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On the Rocks

University of Oregon

The Green Room (2008)

4.7

Reviews By Elie Landau, TeKay, and Brian Haverkate

July 8, 2008

Tuning / Blend 4.7
Energy / Intensity 4.7
Innovation / Creativity 3.7
Soloists 3.7
Sound / Production 5.0
Repeat Listenability 4.0
Tracks
1 Never Gonna Give You Up 5.0
2 Watching Over Me 4.0
3 Almost Honest 4.0
4 Number One 4.7
5 Save a Horse, Ride a Cowboy 4.7
6 Helena 4.3
7 Please Don't Tell Her 4.3
8 Karmastition 4.7
9 Rozy 4.0
10 Smile Like You Mean It 4.0
11 Happier 4.7
12 Lullaby 4.3

Recorded 2006 – 2008
Total time: 43:51, 12 songs


Tuning / Blend 5
Energy / Intensity 5
Innovation / Creativity 4
Soloists 4
Sound / Production 5
Repeat Listenability 4
Tracks
1 Never Gonna Give You Up 5
2 Watching Over Me 4
3 Almost Honest 4
4 Number One 5
5 Save a Horse, Ride a Cowboy 5
6 Helena 4
7 Please Don't Tell Her 4
8 Karmastition 5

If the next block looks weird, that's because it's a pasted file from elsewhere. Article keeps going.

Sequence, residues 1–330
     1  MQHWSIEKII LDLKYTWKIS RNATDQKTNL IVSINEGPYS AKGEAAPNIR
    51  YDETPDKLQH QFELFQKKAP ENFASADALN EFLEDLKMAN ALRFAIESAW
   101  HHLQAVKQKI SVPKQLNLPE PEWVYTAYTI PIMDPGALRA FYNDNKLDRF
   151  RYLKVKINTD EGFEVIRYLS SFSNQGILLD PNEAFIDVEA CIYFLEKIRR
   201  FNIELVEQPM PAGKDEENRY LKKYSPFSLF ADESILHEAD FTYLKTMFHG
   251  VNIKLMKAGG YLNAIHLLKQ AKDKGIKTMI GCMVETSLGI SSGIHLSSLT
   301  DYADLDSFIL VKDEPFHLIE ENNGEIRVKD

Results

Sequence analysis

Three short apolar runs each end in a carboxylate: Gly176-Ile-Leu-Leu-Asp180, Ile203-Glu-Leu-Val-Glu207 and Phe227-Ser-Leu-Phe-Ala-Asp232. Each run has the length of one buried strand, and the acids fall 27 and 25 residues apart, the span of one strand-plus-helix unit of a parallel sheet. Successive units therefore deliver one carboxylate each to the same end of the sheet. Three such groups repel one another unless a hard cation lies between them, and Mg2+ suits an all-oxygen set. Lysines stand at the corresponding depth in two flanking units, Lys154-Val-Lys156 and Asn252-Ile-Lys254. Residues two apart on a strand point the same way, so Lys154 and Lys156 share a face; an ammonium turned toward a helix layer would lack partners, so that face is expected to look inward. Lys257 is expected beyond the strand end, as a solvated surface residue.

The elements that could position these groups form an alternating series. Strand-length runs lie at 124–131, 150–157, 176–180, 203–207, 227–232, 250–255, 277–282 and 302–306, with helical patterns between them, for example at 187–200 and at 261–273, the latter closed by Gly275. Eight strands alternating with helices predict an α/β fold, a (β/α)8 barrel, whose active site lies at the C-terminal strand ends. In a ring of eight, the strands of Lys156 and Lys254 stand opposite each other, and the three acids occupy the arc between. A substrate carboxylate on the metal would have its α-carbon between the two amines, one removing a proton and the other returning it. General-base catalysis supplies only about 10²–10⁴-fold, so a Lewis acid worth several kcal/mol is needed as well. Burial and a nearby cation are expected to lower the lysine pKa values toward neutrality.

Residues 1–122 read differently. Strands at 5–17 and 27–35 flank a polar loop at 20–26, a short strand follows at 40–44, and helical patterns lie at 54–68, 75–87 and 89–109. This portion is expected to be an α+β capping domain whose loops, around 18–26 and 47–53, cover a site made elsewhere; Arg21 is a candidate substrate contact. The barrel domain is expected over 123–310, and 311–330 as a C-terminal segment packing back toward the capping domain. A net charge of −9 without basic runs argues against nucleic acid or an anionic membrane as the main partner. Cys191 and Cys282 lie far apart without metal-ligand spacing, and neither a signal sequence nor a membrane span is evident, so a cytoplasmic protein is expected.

9 Rozy 4
10 Smile Like You Mean It 4
11 Happier 5
12 Lullaby 4

I made no secret of my feeling that Pete Hollens was robbed of the CARA for his tremendous solo on Kyrie off of the University of Oregon On the Rocks' previous CD release Full Coverage, and so it was that I was quite excited to be assigned their most recent release, The Green Room.

To their credit, even with the recent alumnus Hollens now relegated solely to behind-the-scenes work on this album (once again with a little help from his friend Bill Hare, as well as Ed Boyer and a one-off from dioVoce), On the Rocks have turned out a pretty great album, though there is certainly nothing here approaching Kyrie. Then again, even in a few short years, the bar has already moved in collegiate a cappella. The fancy-shmancy production and the "tricks" at which we are marveled that were the exception to the rule — just yesterday it seems — are now pretty much the norm, and collegiate groups have to do that much more (or better yet, more with less) to distinguish their work from their peers.